MEXICO - Hogar de Amor y Protecciòn al Niño, AC

To show the love of Jesus by providing love, security, acceptance, identity and approval to children at risk in Colima, Mexico.

$26,425 raised

Hope for the Nations has been in partnership with Hogar de Amor y Protecciòn al Niño, AC, a ministry out of the church Grupo Amor in Colima, Mexico, since 1996. 

“The Home of Love and Protection for the Child” began in 1992 with 10 children in one home. Today it serves over 170 children in 12 homes, ranging from babies to university students. Our program is designed to provide children with support for their emotional, spiritual and educational needs, as well as their physical well-being. The homes each have a set of house parents and are purposed for diverse needs in terms of age, gender, and sibling groups. Operations involves 30 staff and a large group of permanent and short term volunteers. All are motivated by their love of God and their love for the children who come to them for care.

Get Involved

Project Updates

  • Here at HOPE, our narrative has been woven over the last 25 years from the threads of hundreds of children's stories around the globe. We hear stories of injustice, desperation, trauma, recovery, joy, victories, and so much hope.


    Every story, every child, every victory, no matter how big or small is a celebration of justice, of overcoming odds that once looked impossible.


    One such example is the story of Caris:


    Caris came to us directly from the hospital at just 5 days old. We received her with the paediatrician report that stated she might live a week, or a month, but she would never live to see her first birthday. We decided we would make each day of her life the best it could be.  One year passed and then two . . . and now Caris is about to turn 15! Caris was born with hydrocephalus, which didn’t allow her brain to develop. She faces many challenges and requires a great deal of care. She has a sweet spirit, and her smiles erase any fatigue that comes with her care. She changes the heart of everyone who has the opportunity to know her.


    Every young lady in Mexico looks forward to her 15th birthday, or “quinceañera”. A big party is planned and the young lady is celebrated by friends and family. As Caris’ Hogar de Amor family began to think about and plan the event, it was decided to bump up the event a few months so it would coincide with the visit of “Papi Dennis” and “Mami Diane”. Everyone pitched in with the preparations, food, decorating, set up! It was a beautiful party, befitting a beautiful girl! Balloons, flowers, delicious food, cake, dessert bar, and her very large family celebrating with her. Caris’ smiles were plentiful and she loved all the attention. In the midst of the celebration we couldn’t help but think of the miracle we were witnessing. The paediatrician’s report said one thing . . . God’s report says another! Happy Birthday Caris – we love you!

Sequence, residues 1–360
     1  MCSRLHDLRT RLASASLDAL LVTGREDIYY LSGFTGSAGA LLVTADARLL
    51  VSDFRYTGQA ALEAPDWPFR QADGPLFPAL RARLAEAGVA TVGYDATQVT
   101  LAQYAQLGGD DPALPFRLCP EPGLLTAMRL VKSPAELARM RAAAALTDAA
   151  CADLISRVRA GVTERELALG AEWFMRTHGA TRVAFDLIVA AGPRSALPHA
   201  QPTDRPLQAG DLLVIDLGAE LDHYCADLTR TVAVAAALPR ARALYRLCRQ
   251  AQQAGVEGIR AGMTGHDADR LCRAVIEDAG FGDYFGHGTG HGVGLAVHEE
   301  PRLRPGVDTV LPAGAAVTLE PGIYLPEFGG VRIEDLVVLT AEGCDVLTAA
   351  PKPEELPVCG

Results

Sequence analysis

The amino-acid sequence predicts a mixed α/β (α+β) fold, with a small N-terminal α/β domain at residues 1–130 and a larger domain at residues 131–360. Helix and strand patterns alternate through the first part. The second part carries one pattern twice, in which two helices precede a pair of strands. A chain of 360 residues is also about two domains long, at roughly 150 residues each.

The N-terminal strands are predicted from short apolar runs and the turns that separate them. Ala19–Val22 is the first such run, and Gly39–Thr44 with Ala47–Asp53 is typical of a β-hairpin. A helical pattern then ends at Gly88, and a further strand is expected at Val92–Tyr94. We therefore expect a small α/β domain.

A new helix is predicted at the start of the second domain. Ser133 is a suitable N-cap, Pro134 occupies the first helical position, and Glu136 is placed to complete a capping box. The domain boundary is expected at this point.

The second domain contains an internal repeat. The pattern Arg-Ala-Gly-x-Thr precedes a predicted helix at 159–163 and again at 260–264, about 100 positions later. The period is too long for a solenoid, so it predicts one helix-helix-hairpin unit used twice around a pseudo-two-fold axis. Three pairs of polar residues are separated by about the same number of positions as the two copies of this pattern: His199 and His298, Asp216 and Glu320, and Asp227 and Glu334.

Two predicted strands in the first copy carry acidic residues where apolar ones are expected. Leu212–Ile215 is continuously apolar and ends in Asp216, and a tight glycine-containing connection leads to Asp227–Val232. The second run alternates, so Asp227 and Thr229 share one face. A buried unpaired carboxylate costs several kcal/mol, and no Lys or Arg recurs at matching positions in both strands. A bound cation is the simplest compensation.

• Thank you to all the donors who sent along extra Christmas money for the kids at Hogar de Amor y Protecciòn al Niño. It was such a treat for them to enjoy an outing to the local zoo!


    What a gift it is when we can not only meet the children’s physical needs, such as food, clothing, and shelter, but also have the opportunity to nourish their sense of wonder, imagination, and adventure through experiences such as a visit to the zoo.


    Our work with Hogar de Amor y Protecciòn al Niño runs long and deep. We have been working together with the team and children of Hogar since 1996. The staff and house parents continue to make such an impact on the lives and hearts of so many orphaned children in Mexico. Did you know Hogar operates 11 homes that currently care for 144 children?


    If you would like to get involved, either by volunteering or becoming a sponsor, we would love to speak with you.


    Learn more about sponsorship opportunities here

  • HOPE agents Stephan and Cynthia Brauer, recently welcomed their new baby boy into the world! Leo Jonathan Brauer was born on Friday, July 13th, weighing 8.02lbs. He is the youngest in our HOPE family. Welcome Leo!

  • The importance of a father in a child’s life is an important one. The role itself is a blessing and an honour full of challenges, discovery, and emotion. Dennis and Diane Unrau are HOPE Agents in Hogar de Amor, Mexico.

    Dennis’ role as a ‘Dad’ is a unique one as he’s had the honour of being a father figure to hundreds of children over the years. This Father’s Day, he shares his story . . .

    “I consider it a privilege to be a father and became a father in December of 1980 when our first child was born. Our first experience at parenting was a whole lot different than we expected as our son Jeremy was born with severe Cerebral Palsy. I learned about things such as seizures, surgeries, and caring for a child who could not verbally communicate. Jeremy was followed three years later by our daughter Jennifer, and three years after her our last child Dustin was born.